Disorder and violence in the Middle East have reached unprecedented levels that make any talk of regional security cooperation, let alone plans for it, seem less credible today than ever before. Indeed, it is hard to imagine how arms control agendas could be launched in the region at a time when four countries—Iraq, Libya, Syria, and Yemen—are engulfed in civil war, the Saudi-Iranian regional power struggle is worsening, and violent extremist groups are sowing death and destruction across the region and beyond.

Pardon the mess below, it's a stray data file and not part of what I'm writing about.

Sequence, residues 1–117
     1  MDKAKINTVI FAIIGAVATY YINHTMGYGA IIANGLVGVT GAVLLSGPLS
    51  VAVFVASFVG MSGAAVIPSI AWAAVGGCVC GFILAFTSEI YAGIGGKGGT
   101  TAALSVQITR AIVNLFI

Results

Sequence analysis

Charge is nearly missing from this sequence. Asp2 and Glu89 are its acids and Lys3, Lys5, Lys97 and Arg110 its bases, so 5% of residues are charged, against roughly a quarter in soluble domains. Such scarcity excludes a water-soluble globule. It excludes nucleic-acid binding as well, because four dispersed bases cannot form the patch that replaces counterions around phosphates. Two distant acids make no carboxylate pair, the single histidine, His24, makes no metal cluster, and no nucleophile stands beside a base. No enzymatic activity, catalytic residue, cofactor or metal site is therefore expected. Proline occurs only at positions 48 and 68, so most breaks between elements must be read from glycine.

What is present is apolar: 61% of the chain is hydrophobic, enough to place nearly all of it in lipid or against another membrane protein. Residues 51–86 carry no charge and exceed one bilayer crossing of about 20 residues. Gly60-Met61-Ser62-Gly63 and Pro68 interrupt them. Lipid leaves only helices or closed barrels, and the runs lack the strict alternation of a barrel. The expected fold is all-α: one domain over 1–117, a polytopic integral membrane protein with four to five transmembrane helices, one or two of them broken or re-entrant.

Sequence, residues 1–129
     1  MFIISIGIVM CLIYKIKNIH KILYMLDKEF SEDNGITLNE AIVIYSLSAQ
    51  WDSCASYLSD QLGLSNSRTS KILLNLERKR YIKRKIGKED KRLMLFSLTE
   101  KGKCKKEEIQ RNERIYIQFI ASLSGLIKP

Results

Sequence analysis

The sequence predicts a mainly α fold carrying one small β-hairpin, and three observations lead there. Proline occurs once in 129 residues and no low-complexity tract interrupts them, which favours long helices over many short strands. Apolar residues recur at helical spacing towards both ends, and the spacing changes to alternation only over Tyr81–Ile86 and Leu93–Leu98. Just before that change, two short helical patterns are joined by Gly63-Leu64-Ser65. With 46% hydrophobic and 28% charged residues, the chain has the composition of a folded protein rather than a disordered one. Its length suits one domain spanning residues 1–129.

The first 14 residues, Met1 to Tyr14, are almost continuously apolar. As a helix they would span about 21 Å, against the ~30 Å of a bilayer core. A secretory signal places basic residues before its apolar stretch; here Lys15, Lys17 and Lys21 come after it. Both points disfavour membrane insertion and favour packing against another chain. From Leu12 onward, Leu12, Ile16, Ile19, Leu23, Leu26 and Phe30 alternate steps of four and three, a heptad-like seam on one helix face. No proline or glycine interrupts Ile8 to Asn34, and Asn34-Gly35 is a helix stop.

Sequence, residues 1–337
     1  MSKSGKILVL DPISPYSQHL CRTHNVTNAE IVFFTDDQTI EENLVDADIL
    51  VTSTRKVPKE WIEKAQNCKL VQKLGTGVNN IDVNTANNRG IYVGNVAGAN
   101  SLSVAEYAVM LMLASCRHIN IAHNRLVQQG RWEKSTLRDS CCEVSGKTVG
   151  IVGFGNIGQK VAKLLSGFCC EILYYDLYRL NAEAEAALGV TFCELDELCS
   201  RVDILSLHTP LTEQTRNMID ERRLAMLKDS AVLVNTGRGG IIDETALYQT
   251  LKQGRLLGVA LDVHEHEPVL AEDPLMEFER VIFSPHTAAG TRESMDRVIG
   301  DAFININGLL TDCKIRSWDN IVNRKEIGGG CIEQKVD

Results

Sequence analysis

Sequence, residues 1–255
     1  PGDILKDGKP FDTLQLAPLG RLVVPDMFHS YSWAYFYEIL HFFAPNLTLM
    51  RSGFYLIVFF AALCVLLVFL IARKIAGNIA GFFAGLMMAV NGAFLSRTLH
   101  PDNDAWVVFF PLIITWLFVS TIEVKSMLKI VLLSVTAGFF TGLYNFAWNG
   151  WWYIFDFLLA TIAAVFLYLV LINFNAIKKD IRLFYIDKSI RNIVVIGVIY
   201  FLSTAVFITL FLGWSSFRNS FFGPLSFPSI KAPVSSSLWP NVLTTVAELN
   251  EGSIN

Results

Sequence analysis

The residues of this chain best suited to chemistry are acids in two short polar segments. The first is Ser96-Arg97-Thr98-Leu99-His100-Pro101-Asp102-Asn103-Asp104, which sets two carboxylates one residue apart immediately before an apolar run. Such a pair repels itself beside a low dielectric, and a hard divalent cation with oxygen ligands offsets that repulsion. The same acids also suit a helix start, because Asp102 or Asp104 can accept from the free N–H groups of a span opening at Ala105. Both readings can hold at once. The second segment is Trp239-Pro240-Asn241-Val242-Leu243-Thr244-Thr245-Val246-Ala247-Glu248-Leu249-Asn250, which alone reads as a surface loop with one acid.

Yet it is precisely under such extremely challenging conditions that security cooperation is most needed. And because most of the security problems affecting Middle Eastern stability are regional in nature, they require regional solutions. One of the ways to break this impasse and instill some degree of trust and confidence among regional stakeholders is by proposing practical, gradual items of cooperation that avoid politics and controversy, and do not intrinsically and immediately infringe upon the sovereignty and national security of states in the region. One such issue that could encourage countries in the Middle East to act more collectively and achieve concrete, mutual benefits is radiological and nuclear security. Though most countries in the Middle East do not possess highly-enriched uranium or plutonium—materials necessary to build nuclear weapons—given the region’s intense volatility the threats associated with radioactive materials are present and real.